Tag Archives: evolutionary psychology

Machine Trumps Ghost

It is—time flies—now thirty years since the appearance of The Closing of the American Mind, an anniversary noted by Alexander Riley in The American Conservative. The whole thing is well worth reading, but this passage caught my attention: Some elements … Continue reading

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How I learned to love moral relativism & cultural chauvinism

Over at Crunchy Con Rod Dreher points me to a new book, Paul Among the People: The Apostle Reinterpreted and Reimagined in His Own Time, which, in Dreher’s words “attempts to defend St. Paul against his modernist critics (e.g. those … Continue reading

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Social science & engineering

A recent Bloggingheads.tv featured two philosophers, and was titled “Explaining and Appraising Moral Intuition”. A considerable proportion of the discussion involved the utility of cognitive and evolutionary psychology in probing the reflexive roots of our moral intuitions, and how that … Continue reading

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Brooks bashes the “new atheists”

David Brooks argues that the view that moral decision-making results from an intuitive, pre-rational engagement with the world, rather than from logical deduction from a set of moral principles, is a  challenge to “the new atheists, who see themselves involved … Continue reading

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Evolution & morality

The American Scene points me to two Will Wilkinson posts where he attempts to move beyond vulgar evolutionary psychology in adducing proper morality. I learn toward the sentiment. The naturalistic fallacy is less fallacious when one conceptualizes human moral intuitions … Continue reading

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The Origins of Morality?

While no-one who has read Demonic Males: Apes and The Origins of Human Violence can view chimpanzee society as a model of entirely good order, the research described by the Daily Telegraph below (which builds on earlier work showing pretty … Continue reading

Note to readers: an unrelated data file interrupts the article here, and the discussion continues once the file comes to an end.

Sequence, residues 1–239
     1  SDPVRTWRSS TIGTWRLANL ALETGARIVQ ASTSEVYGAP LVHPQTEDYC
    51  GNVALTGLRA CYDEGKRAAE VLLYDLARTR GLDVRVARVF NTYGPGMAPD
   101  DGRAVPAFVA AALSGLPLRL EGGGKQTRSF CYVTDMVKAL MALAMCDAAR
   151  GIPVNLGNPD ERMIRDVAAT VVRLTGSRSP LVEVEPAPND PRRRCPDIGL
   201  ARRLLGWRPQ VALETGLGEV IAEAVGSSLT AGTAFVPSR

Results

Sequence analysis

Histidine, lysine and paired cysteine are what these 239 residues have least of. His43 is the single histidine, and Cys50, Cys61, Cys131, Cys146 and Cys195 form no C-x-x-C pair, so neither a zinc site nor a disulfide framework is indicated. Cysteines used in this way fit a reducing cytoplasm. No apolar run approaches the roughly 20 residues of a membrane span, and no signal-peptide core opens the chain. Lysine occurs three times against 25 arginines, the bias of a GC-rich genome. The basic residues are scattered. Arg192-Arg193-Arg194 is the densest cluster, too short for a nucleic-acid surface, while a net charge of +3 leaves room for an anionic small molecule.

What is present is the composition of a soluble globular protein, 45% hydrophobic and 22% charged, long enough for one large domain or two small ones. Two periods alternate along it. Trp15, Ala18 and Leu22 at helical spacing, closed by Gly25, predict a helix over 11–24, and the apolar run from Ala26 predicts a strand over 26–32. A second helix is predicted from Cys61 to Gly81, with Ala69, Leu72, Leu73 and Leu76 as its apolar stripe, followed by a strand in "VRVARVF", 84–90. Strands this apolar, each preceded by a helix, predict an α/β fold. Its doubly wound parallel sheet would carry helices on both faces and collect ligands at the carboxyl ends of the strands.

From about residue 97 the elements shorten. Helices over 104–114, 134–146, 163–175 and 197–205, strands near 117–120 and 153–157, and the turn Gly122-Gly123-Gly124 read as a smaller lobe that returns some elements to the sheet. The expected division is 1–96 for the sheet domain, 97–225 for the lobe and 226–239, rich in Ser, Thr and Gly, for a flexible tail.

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The many faces of human nature

Ivan Kenneally and Larry Arnhart continue their dialogue over Darwinian Conservatism. Ivan says: …In the spirit of a “comprehensive science” as described by Leo Strauss, Arnhart recommends a more monistic approach that captures not only our natural inclinations but those … Continue reading

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Your genes on cuisine

A year ago there was a paper on the effect of diet on enzyme production, Diet and the evolution of human amylase gene copy number variation. That human evolution skeptic, P. Z. Myers, has just noticed the paper, and says: This … Continue reading

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The tasty drug

Sugar Can Be Addictive: Animal Studies Show Sugar Dependence: A Princeton University scientist will present new evidence today demonstrating that sugar can be an addictive substance, wielding its power over the brains of lab animals in a manner similar to … Continue reading

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Sexuality and human nature

A friend emailed me in response to my post below: Interesting example with homosexuality, both because the choice of sexual behavior, pretty much the sort of thing that one would expect the strongest biological constraints on, was apparently needed to … Continue reading

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